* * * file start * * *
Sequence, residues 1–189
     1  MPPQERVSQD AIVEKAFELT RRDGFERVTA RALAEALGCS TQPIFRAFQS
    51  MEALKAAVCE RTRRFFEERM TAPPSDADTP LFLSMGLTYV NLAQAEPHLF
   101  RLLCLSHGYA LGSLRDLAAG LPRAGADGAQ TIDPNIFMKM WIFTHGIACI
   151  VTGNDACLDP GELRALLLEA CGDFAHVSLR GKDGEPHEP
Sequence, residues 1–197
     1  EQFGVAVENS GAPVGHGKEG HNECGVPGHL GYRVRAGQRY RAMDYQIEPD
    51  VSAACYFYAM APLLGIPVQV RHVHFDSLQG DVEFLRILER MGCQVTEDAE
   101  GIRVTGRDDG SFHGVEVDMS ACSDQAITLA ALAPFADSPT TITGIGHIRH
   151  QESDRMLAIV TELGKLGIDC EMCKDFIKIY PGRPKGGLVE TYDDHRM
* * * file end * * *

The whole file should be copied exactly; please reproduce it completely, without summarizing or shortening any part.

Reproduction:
Sequence, residues 1–189
     1  MPPQERVSQD AIVEKAFELT RRDGFERVTA RALAEALGCS TQPIFRAFQS
    51  MEALKAAVCE RTRRFFEERM TAPPSDADTP LFLSMGLTYV NLAQAEPHLF
   101  RLLCLSHGYA LGSLRDLAAG LPRAGADGAQ TIDPNIFMKM WIFTHGIACI
   151  VTGNDACLDP GELRALLLEA CGDFAHVSLR GKDGEPHEP
Sequence, residues 1–197
     1  EQFGVAVENS GAPVGHGKEG HNECGVPGHL GYRVRAGQRY RAMDYQIEPD
    51  VSAACYFYAM APLLGIPVQV RHVHFDSLQG DVEFLRILER MGCQVTEDAE
   101  GIRVTGRDDG SFHGVEVDMS ACSDQAITLA ALAPFADSPT TITGIGHIRH
   151  QESDRMLAIV TELGKLGIDC EMCKDFIKIY PGRPKGGLVE TYDDHRM